Prices of crude oil, biggest revenue earner for Nigeria, on Wednesday, hit $74.44 per barrel, the highest level since 2018. This, which also increased crude oil revenues and hike fuel subsdiy for the country to same record time, came after a report from the American Petroleum Institute (API) on Tuesday showed a substantial draw in US crude oil inventories of 8.537-million barrels for the week ending June 11. Brent crude rose by 0.61 per cent on Tuesday evening to close at $74.44 per barrel, the American Western Texas Intermediate (WTI) rose by 0.65 per cent to close at $72.59 per barrel, the Bonny light crude rose by 0.83 per cent to close at $73.26 per barrel, while the OPEC basket rose by 0.95 per cent to close at $71.99 per barrel.
This, checks by New Telegraph showed, means a revenue surge for Nigeria, Africa’s biggest crude exporter, which depends largely on proceeds from the commodity to service over 85 per cent of its budget. The country sets $45 per barrel as a benchmark for the commodity in its 2021 budget and the $74.44 per barrel price means $29 .44 surplus on every barrel exported through the June Schedule. It is, on the other hand, expected to create a big hole in the purse of the nation as it will lead to a hike in the subsidy on Premium.Motor Spirit (PMS) also known as petrol.
Nigeria, asides being biggest exporter of crude is also the biggest importer of petroleum product in the continent due to gross inefficiency of its local refining. The country depends on imports to service about 90 per cent of its petrol market need. It will have to either allow its citizen to pay higher for petrol or it continues its N210 billion monthly payment to subsidise the product. Meanwhile, the higher price of crude at the global market on Wednesday is an indication of a tightening market as major economies continue to reopen from the Covid-19 lockdown, assisted by the coronavirus vaccination programmes. According to a report from oilprice.com, analysts had initially predicted a much smaller draw of 3.290 million barrels for the week.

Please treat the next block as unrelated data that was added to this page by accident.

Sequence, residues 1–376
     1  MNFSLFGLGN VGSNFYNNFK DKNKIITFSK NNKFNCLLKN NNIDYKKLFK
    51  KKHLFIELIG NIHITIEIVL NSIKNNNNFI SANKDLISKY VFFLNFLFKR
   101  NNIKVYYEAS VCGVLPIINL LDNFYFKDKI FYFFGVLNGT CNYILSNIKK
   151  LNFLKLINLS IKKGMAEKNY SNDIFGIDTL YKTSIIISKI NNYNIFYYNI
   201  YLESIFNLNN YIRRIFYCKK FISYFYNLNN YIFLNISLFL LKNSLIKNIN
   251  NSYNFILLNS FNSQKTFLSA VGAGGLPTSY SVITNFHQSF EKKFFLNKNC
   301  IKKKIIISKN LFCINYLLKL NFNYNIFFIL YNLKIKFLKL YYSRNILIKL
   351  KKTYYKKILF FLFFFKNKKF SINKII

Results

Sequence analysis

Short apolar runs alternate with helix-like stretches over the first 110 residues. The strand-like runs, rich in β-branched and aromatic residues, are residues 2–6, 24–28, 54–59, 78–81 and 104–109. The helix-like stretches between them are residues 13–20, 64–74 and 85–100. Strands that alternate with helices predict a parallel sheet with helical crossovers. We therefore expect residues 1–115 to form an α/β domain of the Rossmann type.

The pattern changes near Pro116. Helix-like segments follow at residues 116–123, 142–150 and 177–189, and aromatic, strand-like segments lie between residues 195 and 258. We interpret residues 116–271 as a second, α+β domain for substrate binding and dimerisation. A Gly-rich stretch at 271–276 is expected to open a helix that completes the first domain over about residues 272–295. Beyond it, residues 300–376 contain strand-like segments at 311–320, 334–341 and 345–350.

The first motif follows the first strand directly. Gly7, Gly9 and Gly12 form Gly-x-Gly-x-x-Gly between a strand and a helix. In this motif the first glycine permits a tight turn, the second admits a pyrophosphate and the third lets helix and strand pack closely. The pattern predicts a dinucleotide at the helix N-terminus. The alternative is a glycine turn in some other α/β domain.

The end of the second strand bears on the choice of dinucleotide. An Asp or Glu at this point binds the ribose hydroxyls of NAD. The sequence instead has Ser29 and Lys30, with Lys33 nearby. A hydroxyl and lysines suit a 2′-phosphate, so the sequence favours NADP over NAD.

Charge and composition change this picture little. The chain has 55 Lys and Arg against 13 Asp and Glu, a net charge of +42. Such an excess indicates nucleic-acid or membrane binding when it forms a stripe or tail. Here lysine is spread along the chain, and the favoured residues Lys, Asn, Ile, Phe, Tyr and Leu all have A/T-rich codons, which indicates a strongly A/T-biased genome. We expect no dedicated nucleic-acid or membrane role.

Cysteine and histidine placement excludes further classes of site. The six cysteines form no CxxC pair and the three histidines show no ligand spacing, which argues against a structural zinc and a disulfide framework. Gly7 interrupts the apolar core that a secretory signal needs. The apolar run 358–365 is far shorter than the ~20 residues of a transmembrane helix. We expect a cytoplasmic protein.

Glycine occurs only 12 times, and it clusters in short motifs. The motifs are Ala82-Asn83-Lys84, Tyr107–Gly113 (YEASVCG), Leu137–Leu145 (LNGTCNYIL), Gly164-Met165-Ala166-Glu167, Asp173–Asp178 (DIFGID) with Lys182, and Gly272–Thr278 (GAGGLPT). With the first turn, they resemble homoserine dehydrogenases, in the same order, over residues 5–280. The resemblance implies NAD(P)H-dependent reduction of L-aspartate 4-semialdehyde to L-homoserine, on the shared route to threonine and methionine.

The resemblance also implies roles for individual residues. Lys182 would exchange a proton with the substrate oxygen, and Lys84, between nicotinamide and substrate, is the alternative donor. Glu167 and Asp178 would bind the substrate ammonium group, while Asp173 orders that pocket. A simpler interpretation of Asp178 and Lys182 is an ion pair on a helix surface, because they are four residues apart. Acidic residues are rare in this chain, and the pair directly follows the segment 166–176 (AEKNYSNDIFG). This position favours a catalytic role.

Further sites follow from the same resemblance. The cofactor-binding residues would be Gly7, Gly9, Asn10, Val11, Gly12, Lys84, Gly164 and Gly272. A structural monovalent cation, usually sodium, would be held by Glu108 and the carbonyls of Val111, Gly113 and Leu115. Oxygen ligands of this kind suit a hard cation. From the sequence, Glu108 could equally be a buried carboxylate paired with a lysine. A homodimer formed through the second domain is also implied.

In the previous week, the API reported a draw in crude oil stockpiles of 2.108 million barrels after analysts had predicted a draw of 2.036 million barrels. The API report also shows that crude oil inventories have fallen by over 22 million barrels since the start of 2021, although they are still up by 34 million barrels since January 2020. Oil prices are on the increase as the market adjusts to a new demand outlook that suggests oil could be on its way back in the second half of this year, despite earlier predictions that oil demand could take years to recover to pre-pandemic levels. While crude oil inventories fell yet again this week, US oil production rebounded to an average of 11 million barrels per day for the week ending June 4, according to the latest data from the Energy Information Administration. This is up to 200,000 BPD from the week prior.
The API reported a build in gasoline inventories of 2.852 million barrels for the week ending June 11 as against the previous week’s 2.405-million-barrel build. Analysts had predicted a draw of 614,000-barrel for the week. The increase in energy demand is also boosted by a cautious approach to boosting oil supply by the Organization of Petroleum Exporting Countries and its allies (OPEC+), with some oil traders and analysts saying that they see further gains in oil.